‘You know what you want to write.’ The hoarse voice reverberated in Maurice’s ears; it sounded so close, yet there was no one within enough proximity to be saying it. The enigma rattled in the very depth of his brain, but he could still not answer it or speak out, as his arms began to move again. Scribbling on a scrap piece of paper, Maurice’s hand guided the fountain pen in its story. He wrote a description of a relaxed scene with a husband and a wife in bed, deep in a land where dreams are not a reality, and nothing could hurt them. Bewildered, Maurice tried with all his might to pull his pen back up. All of a sudden, another voice screamed out, this time much higher and piercing than the other.

‘You know this story. You started this a long time ago and never finished it!’ A deafening smash sounded. Maurice darted his eyes to the mirror, where a beautiful crack had flourished. His face was now perfectly disjointed. The right hand side of his face had separated from the left, and there appeared to be a notable difference between the two: the side on the right was smiling. Maurice could not fathom what was going on, for he could not feel his face muscles stretching in to a smile. He was taken aback when he saw the face on the right wink its eye and a sharp stinging sensation hammered inside his head. Out of control, his head shot back to the desk and his hand that was still writing out a narrative. The equilibrium had been disrupted, and the wife had left the bedroom and gone to make a drink in the kitchen. A man can be seen lurking in the shadows by the back door, but the wife is oblivious! Abruptly, Maurice managed to let out a cry:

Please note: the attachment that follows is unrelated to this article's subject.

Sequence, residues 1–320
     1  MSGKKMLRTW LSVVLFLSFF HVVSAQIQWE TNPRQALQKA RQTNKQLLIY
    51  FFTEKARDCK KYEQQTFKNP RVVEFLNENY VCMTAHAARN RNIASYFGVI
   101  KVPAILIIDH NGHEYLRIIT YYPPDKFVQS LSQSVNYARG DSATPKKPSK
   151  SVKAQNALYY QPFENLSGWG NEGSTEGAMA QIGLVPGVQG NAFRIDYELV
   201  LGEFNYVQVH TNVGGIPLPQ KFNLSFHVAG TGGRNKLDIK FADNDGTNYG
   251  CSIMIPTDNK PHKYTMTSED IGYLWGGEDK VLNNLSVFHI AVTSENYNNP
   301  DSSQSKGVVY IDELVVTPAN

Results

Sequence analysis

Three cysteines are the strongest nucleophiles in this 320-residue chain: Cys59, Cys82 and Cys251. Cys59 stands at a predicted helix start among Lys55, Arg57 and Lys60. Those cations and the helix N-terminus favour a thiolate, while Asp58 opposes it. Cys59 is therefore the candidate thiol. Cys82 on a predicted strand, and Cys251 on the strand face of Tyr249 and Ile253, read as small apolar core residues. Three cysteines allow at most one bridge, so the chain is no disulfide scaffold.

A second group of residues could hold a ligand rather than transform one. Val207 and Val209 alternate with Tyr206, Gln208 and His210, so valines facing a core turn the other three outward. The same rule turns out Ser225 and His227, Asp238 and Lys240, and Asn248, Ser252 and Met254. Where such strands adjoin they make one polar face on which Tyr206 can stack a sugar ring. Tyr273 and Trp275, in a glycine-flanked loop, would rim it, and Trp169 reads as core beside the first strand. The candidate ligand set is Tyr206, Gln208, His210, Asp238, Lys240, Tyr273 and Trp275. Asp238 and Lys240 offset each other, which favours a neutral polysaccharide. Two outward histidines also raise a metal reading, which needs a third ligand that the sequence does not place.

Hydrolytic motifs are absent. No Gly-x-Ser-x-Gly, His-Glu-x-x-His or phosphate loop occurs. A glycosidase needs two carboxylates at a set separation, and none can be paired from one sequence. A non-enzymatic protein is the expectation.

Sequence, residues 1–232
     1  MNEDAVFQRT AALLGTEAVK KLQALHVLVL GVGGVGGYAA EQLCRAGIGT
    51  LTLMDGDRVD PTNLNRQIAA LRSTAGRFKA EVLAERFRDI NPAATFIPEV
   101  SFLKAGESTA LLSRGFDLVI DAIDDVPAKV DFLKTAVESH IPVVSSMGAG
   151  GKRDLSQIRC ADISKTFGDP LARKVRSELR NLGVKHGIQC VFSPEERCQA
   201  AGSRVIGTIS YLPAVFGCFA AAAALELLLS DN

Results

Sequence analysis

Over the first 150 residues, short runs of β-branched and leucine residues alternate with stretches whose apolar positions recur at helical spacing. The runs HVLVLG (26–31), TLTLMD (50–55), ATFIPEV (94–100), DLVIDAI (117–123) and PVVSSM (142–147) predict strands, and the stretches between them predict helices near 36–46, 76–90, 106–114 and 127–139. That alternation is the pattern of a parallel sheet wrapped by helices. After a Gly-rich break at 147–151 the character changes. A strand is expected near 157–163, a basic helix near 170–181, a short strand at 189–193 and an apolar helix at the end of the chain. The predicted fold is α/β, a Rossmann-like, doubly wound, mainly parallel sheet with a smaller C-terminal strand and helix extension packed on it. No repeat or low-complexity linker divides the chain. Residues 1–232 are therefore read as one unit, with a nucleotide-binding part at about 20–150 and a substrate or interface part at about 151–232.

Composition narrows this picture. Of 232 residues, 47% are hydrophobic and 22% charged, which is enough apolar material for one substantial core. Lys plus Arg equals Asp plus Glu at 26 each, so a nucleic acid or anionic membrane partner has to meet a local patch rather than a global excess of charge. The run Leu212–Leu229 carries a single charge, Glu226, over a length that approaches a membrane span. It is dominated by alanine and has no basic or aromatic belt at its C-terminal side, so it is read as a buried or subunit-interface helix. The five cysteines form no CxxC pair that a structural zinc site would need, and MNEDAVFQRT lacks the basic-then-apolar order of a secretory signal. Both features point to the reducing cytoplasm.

‘No! Get out!’ His hand continued moving in an ominous, rotary movement as the words were thrust upon the paper. Another crack in the mirror appeared. Maurice’s face was now separated into four. Another voice cried out:

‘Kill her!’ Thunder began battering the Earth, and the walls of the once peaceful house now shook with a terrifying instability.

‘There’s the knife!’ The shadow man neared the wife, and the narrative was about to take a turn for the worse.

‘Stab!’ She fell gracefully to the floor.

‘Again!’ Blood spurted swiftly out of the jagged, fleshy wound that the death artist had drawn upon her face.

‘Finish it!’ The knife dropped to the floor, causing a splash as it hit a pool of crimson liquid that artfully surrounded the carcass of the once beautiful wife. Tears were glistening in Maurice’s eyes. He still could not control his body and his passive story-writing. The killer slowly edged towards the bathroom, washing his hands of the guilt that had stained his cold, harsh skin. He splashed his face with water as if to be reborn and have his sins forgiven. Turning around in a menacing fashion, he revealed his identity to the mirror.

Putting the pen down, Maurice silently rejoiced at regaining use of his limbs. He hesitated, before grabbing the paper on which his narrative lay. He crept over to the mirror, and examined his many faces. The image was like that of a kaleidoscope, but much more carefully selected. A grin slowly crept upon Maurice’s face. He sniggered. Raising his bloody hands to the mirror, he took a shard of glass out. In the opaque window of glass, his reflection sneered back at him, waving a bloody knife about and stabbing it towards the glass in a threatening fashion. Behind the mirrored Maurice laid the body of Jessica, his beloved wife, who was quite blissfully dead.

This is a short horror story I wrote (again, revolving around the psychological elements of mirrors) for University.
Created: 2012